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student finances

Student Life

Best Student Discounts for 2022

February 25, 2022

We all know that college is expensive and this is the first time that many students are responsible for their finances. It can be difficult or even overwhelming to get your money in order, but there are some deals and discounts that make it easier on your wallet!

Some students aren’t aware of the many exclusive discounts that are available to students while enrolled in college. Some subscriptions are made available just by registering using a .edu email address. Not only will students be able to save a few dollars (or maybe more than a few) by registering as a student, but will they receive exclusive benefits most of the time. Being aware of these discounts can be beneficial for college students that are learning to be more financially independent. 

Here are some of the best student discounts available in 2022:

Amazon Prime

As a student, Amazon Prime offers a free six-month subscription. After that free six-month trial is over, it costs only $6.49 per month for as long as you are a student. With this subscription, you’ll receive a catalog of their TV shows and movies, free unlimited photo storage with Prime Photo, and the usual perks of two-day shipping. This discount extends beyond Amazon as well, like offering exclusive deals to GrubHub, the Calm App, discounts on flights from StudentUniverse, and help from Course Hero. As if that isn’t enough for the perks of Amazon Prime, there are add-ons to this plan, including access to premium video channels Like Showtime, Epix, Sundance Now, and more for just $0.99 a month each for up to 12 months. What a deal!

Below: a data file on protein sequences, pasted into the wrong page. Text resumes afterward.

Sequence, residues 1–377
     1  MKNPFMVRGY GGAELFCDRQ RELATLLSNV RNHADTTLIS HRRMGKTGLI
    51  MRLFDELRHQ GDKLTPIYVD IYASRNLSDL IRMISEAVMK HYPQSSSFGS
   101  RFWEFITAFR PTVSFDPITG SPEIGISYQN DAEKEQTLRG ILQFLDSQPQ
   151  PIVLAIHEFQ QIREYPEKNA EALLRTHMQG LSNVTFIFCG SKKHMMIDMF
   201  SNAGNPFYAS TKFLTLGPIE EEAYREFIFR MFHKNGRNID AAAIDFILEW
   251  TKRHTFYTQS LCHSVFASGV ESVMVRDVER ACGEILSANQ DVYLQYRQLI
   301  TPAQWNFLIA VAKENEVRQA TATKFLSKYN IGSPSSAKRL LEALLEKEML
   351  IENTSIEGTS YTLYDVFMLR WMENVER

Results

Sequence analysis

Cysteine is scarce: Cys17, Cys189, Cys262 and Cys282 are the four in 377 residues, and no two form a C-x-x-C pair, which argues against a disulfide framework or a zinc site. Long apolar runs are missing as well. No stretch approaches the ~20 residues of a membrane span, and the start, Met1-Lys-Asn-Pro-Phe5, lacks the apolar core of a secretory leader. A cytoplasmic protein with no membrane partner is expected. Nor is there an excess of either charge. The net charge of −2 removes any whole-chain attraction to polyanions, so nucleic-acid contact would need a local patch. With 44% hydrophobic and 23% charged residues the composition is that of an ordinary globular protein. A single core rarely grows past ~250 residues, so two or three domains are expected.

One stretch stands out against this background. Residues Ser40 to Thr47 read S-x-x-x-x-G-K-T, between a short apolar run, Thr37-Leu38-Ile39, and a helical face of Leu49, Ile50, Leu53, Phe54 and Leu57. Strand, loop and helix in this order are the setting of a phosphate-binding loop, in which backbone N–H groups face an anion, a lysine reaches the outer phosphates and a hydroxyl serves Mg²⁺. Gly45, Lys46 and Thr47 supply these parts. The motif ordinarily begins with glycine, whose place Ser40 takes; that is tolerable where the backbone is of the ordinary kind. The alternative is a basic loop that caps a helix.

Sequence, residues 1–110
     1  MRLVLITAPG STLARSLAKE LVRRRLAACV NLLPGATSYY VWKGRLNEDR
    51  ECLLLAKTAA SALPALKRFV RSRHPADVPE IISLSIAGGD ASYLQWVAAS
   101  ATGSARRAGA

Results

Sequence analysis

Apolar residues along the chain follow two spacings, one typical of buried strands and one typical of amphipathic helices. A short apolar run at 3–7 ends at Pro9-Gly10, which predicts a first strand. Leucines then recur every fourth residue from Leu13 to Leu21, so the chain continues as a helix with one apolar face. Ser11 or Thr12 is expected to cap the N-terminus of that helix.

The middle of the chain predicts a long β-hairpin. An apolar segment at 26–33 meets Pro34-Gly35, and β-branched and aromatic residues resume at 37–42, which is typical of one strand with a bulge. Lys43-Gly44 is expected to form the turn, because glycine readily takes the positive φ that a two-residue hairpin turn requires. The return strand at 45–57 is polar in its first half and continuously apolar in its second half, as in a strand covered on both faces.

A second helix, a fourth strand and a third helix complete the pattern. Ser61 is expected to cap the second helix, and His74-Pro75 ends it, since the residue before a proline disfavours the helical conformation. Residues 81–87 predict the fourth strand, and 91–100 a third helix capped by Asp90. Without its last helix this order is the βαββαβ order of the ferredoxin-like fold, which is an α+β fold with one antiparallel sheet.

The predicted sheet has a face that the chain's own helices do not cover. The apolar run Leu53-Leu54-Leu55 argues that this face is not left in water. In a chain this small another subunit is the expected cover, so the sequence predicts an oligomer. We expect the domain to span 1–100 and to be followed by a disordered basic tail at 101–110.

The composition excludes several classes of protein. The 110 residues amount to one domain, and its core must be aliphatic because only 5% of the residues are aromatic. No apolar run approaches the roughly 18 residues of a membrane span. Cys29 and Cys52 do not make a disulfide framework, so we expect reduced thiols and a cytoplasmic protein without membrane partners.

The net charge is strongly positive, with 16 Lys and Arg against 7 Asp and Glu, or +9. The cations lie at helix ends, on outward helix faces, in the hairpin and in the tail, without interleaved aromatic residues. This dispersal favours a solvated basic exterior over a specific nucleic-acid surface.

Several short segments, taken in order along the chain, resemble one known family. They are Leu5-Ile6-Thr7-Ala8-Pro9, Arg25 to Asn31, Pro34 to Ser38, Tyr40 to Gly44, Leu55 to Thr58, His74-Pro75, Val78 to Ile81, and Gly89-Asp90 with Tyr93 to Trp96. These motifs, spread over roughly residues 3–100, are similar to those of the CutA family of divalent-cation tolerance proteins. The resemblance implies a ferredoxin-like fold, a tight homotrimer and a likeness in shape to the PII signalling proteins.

Spotify Premium

As for Spotify, students are able to buy access to both TV and music streaming options. For as low as $4.99 a month, students have access to ad-free listening to Spotify Premium, Hulu, and Showtime all in one. That’s half the price of regular memberships and without the extra perks of Hulu and Showtime. For the first month of access, all listening and watching is completely free! It should be noted that this plan has to be renewed annually and you can only use it for up to four years.

YouTube Premium 

Students have access to watch ad-free videos on the go with YouTube Premium. The option to download and watch offline viewing is only $6.99 a month. You’ll have complete access to Youtube music if your other streaming platforms are not cutting it for you. You have the option to try out Youtube Premium for a one-month free trial.

Apple Music and Apple TV+

When students sign up for Apple Music, they also get access to AppleTV+, all for only $4.99 a month! This subscription will not only allow students access to over fifty million songs but will also allow students to watch original movie pictures. This discounted rate is available for up to 4 years. 

Audible

Students have the option to purchase audiobooks, for either school or for entertainment through a discounted rate using Audible. New members are able to join for as low as $9.95 a month. Students are able to save over 30% and receive a $10 Amazon.com credit.

Notion

Are you having trouble organizing all your notes for all your different classes, projects, and assignments? Organize your personal tasks and notes with Notion’s free Personal Pro plan. Unlimited pages & blocks, file uploads, and version history. Just sign up with a school email address. The best part is there is no credit card required to sign up!

UNiDAYS